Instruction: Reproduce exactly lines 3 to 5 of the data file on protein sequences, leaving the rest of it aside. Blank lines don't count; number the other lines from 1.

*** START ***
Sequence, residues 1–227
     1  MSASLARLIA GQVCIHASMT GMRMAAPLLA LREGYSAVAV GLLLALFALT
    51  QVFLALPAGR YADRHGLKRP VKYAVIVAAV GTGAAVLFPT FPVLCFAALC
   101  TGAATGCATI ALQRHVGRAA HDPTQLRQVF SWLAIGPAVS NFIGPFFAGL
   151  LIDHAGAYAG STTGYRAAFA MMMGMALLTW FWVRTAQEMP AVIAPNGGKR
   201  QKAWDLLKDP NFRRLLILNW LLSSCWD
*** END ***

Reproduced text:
    51  QVFLALPAGR YADRHGLKRP VKYAVIVAAV GTGAAVLFPT FPVLCFAALC
   101  TGAATGCATI ALQRHVGRAA HDPTQLRQVF SWLAIGPAVS NFIGPFFAGL
   151  LIDHAGAYAG STTGYRAAFA MMMGMALLTW FWVRTAQEMP AVIAPNGGKR